HGF and c-met receptor have a widespread distribution in the body. In the pancreas, their mRNAs are highly expressed during early development and then maintained at a low level during adult life [26, 27]. Interestingly, c-met receptor expression co-localizes with insulin-expressing cells in the islet . Taking advantage of this observation, several groups have studied the effects of HGF actions on the beta cell. Pioneering work by Hayek’s group demonstrated that HGF is a mitogen and an insulinotropic agent for fetal and adult human islets in vitro [28–30]. Recently, Hayek’s group has demonstrated that by maintaining the three-dimensional configuration of human islets in culture, it is feasible to expand human beta cells in response to HGF, and to preserve physiologic glucose responsiveness both in vitro and in vivo after transplantation into nude mice . In vivo studies performed by our group have shown that overexpression of HGF in the beta cell of adult transgenic mice directed by the rat insulin type II promoter (RIP) results in increased beta cell mass and beta cell proliferation, enhanced beta cell survival against the diabetogenic effects of streptozotocin (STZ), and improved beta cell differentiation and function [32–34]. The increase in beta cell proliferation appears to be at least in part responsible for the increased islet size and concomitant increased beta cell mass observed in RIP–HGF transgenic mice. Initial analysis of the intracellular signaling mechanisms implicated in the HGF-induced mitogenic effect in the beta cell indicate that activation of phosphatidyl-inositol 3-kinase (PI3K) seems to play a central role in this effect .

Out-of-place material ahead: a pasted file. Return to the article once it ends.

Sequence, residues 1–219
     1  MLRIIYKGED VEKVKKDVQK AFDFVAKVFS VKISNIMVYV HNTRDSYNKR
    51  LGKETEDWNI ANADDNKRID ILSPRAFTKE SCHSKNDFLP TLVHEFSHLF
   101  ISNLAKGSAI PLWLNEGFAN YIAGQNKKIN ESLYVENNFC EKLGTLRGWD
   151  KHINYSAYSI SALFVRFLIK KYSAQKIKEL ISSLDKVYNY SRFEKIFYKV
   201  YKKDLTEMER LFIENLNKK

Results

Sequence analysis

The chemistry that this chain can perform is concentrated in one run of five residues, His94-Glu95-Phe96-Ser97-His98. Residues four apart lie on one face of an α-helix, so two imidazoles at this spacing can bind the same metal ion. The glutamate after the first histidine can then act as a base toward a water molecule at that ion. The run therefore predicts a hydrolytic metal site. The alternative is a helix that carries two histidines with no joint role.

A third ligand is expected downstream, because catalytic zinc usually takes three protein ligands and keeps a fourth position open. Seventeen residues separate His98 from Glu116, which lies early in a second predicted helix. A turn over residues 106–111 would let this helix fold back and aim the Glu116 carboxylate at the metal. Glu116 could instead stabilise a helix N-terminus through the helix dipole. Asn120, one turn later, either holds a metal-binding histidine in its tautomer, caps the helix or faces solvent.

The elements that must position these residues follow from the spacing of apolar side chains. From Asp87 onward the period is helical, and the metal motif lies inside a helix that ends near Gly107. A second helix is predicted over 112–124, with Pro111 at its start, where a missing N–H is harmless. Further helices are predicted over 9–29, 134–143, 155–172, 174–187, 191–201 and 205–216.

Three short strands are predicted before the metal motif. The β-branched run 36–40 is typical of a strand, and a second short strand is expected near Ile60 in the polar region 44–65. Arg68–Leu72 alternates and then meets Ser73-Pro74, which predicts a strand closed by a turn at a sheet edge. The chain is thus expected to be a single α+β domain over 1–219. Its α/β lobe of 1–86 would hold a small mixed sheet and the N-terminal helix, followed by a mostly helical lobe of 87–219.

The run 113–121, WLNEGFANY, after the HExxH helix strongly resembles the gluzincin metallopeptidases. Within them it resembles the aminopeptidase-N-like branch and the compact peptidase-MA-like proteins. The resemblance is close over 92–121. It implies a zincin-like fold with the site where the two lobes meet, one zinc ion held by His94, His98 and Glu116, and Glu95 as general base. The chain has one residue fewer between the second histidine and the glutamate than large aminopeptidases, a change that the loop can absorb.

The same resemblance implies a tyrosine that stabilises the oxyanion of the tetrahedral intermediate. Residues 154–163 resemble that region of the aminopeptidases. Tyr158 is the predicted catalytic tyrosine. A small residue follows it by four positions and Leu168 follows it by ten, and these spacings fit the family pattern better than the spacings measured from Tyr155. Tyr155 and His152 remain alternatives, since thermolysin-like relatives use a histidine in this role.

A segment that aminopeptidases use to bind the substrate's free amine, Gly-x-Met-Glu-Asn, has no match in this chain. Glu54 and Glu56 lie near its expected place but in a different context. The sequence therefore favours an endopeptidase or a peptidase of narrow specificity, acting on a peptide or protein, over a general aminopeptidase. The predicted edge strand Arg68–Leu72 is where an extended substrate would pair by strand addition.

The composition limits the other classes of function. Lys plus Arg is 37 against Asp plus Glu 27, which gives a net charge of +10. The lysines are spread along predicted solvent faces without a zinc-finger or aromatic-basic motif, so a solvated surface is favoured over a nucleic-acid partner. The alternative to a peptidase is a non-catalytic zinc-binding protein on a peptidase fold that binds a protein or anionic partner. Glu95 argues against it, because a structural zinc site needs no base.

Although an increase in beta cell proliferation could explain the increase in islet mass observed in RIP–HGF transgenic mice, a further inhibitory effect of HGF on the already low apoptotic rate in the normal beta cells in the adult pancreas is also important to consider. Indeed, HGF has been shown to protect pancreatic beta cells against the diabetogenic and cytotoxic effects of STZ in vivo and in vitro . Activation of PI3K–PKB/Akt pathway seems to be one of the intracellular signaling pathways involved in the protective effect of HGF against STZ-induced cell death in pancreatic beta cells . Taken together, these results confirm the cytoprotective effect of HGF in beta cells treated with STZ. However, they do not provide any insight to whether HGF protects against insults characteristic of Type 1 and 2 diabetes, such as cytokines or gluco-lipotoxicity.